Potential Windows Update Database error is detected by the Windows Update Troubleshooter in some cases where your Windows Update fails to install. You might also experience slow internet connection and bad computer performance – while the Potential Windows Update Database error is unresolved, your computer might repeatedly try to download and install the update, which consumes a lot of resources.
The potential solutions for the Potential Windows Update Database error include quitting unnecessary programs, repairing corrupted files, and delaying the update (or stopping your computer from downloading it).
How To Fix The Potential Windows Update Database Error quicklinks
- Potential Windows Update Database error by Windows Update Troubleshooter
- How to fix it
- Quit third-party programs
- Scan and fix system files
- Delay the update
- Reset Windows
Potential Windows Update Database error
Potential Windows Update Database error by Windows Update Troubleshooter
If you had problems installing Windows updates, you might have used Windows Update Troubleshooter. It might have displayed the error “Potential Windows Update Database error detected”. You might try to fix it and get the result that it’s “Not fixed”, despite being “Completed”.
You might also see an entry called “Potential Windows Update Database Corruption”.
If you haven’t already, check out this walkthrough by Microsoft on fixing Windows Update errors. This is where the troubleshooter is downloaded from. This guide is quite extensive and I recommend following it.
My goal is to collect the most common and likely fixes in this post, so I will often link Microsoft.com for more specific instructions.
The thing with Microsoft’s guides is that they’re sometimes redundant but not all versions give you enough detail. For example, that guide that I linked – I recommend reading the Windows 7 or Windows 8.1 version even if you have Windows 10. The Windows 10 guide is also worth reading, of course. But the Windows 7 version has additional details.
How to fix it
So, once you know the problem, “Potential Windows Update Database error”, how to fix it?
Windows Update errors are caused by a variety of issues from incorrect date and time to corrupt system files. And with the many Windows PC configurations, these errors are almost inevitable. There is no single solution that fits everyone. But there are a few things that you can try to fix your updates and solve the Potential Windows Update Database error.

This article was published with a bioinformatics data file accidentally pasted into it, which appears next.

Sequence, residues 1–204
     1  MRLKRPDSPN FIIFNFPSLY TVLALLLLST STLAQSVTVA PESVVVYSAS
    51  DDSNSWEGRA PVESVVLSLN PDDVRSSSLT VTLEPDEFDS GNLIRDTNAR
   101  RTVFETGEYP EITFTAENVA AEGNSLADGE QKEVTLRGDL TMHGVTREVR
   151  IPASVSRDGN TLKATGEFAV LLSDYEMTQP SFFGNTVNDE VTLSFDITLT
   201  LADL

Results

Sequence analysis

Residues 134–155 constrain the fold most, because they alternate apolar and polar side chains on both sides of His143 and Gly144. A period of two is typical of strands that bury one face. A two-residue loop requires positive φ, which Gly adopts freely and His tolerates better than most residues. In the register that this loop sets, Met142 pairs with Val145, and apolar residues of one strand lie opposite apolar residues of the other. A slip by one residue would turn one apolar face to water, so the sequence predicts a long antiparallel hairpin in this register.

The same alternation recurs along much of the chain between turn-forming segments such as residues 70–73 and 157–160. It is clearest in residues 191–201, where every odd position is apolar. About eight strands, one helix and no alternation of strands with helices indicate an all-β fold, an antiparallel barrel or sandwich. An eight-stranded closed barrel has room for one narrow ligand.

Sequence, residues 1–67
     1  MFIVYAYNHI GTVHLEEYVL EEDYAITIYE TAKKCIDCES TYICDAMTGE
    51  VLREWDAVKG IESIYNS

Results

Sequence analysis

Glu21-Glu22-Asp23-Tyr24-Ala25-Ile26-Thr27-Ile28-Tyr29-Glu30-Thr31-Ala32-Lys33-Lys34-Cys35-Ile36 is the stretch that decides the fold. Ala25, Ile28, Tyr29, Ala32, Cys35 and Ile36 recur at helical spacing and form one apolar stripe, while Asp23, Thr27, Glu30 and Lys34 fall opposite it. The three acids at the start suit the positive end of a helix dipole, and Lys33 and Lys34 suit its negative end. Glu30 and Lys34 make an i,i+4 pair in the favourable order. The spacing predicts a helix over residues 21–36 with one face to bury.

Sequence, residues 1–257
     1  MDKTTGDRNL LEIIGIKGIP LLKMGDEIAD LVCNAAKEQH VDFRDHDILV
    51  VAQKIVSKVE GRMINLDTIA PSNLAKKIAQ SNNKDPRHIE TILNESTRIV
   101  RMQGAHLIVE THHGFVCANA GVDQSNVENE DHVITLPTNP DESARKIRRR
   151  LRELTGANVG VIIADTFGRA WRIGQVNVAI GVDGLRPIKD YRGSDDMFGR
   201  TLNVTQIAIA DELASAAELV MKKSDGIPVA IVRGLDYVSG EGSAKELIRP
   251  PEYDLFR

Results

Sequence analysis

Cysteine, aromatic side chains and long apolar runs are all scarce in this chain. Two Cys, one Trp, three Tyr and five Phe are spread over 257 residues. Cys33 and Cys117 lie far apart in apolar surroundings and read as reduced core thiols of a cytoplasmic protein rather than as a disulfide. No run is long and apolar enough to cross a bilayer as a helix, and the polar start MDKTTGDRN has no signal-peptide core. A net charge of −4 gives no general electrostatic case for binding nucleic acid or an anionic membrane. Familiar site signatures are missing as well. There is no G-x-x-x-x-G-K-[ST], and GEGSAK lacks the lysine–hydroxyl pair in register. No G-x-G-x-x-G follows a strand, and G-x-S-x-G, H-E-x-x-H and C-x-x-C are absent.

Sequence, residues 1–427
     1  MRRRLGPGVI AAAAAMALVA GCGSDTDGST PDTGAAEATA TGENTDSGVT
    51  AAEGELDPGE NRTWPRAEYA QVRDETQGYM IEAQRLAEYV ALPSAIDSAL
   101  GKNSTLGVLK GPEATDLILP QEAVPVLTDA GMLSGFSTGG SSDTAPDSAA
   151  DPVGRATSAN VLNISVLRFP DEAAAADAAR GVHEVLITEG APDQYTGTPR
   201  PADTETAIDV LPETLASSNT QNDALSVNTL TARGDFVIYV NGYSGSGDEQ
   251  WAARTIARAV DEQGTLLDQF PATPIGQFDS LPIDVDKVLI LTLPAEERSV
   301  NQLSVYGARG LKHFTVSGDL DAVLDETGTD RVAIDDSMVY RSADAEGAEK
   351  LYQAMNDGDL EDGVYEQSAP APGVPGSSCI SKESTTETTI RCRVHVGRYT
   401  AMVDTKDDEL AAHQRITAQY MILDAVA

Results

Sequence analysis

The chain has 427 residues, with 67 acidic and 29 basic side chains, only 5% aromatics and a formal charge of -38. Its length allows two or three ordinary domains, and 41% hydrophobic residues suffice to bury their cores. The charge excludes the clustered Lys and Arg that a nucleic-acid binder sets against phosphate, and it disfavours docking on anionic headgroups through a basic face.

You will need an administrator account for this.
You should also make a restore point before proceeding.
Quit third-party programs
The Potential Windows Update Database error could be caused by third-party software conflicts. Disable third-party antivirus programs (if you have any) temporarily and don’t do any risky browsing meanwhile.
If that doesn’t help, disable service and startup programs by performing a clean boot (Microsoft.com). Clean booting means stopping unnecessary programs and services from running. You will need to undo these changes later.
Scan and fix system files
The Potential Windows Update Database error might be solved by tools that Microsoft made for fixing corrupted system files.
Have you tried running System File Checker and the DISM tool? You might be familiar with the sfc /scannow command. You can run it in the Administrator Command Prompt.
- From Start , search for cmd
- Right-click Command Prompt from the results and choose Run as Administrator
- At the Command Prompt, type the following commands one at a time. After each, press Enter. Let the command complete before typing the next command.
It’s not that simple, of course. The guide on Microsoft.com is quite extensive and does consider what you should do if your Windows Update is broken and if you’re still getting the Potential Windows Update Database error.
In addition, here is a quote from the walkthrough by Microsoft that I linked earlier – type in these commands into your Command Prompt:
net stop bits
net stop wuauserv
ren %systemroot%\softwaredistribution softwaredistribution.bak
ren %systemroot%\system32\catroot2 catroot2.bak
net start bits
net start wuauserv
Reboot your computer, then try updating again.
“ren” means rename. The “bak” extension is usually used to denote backup files and folders. Basically, by renaming the folders, it’s as if you’re deleting them and forcing your computer to make new ones.
Most importantly, check the guide’s Windows 7 version for this. Be very careful and follow the guide because these are system folders and one wrong step could have really bad consequences.
Delay the update
You can delay the update. Maybe the problem in on Microsoft’s end and the Potential Windows Update Database error will get fixed later.
Windows 10 Pro allows for updates to be delayed in Windows Update settings. Click on Start -> Settings (the gear icon) -> Update & Security -> Advanced options. There, you can pause your updates.
Windows 10 Home doesn’t have this setting, but you can use the metered connection trick (Microsoft.com) to stop Windows from downloading updates.
Remember that this is not a suitable long-term solution. The Potential Windows Update Database error can be very frustrating, however, it’s important to solve it.
Computers that are behind in updates are vulnerable to security exploits. There are usually known security flaws in outdated Windows that, if the new update isn’t installed, may be exploited by malicious websites to automatically download malware. Not to mention, Windows updates bring new device drivers and new features.
If none of the above helped you solve Potential Windows Update Database error, you can also reset your Windows PC (Microsoft.com).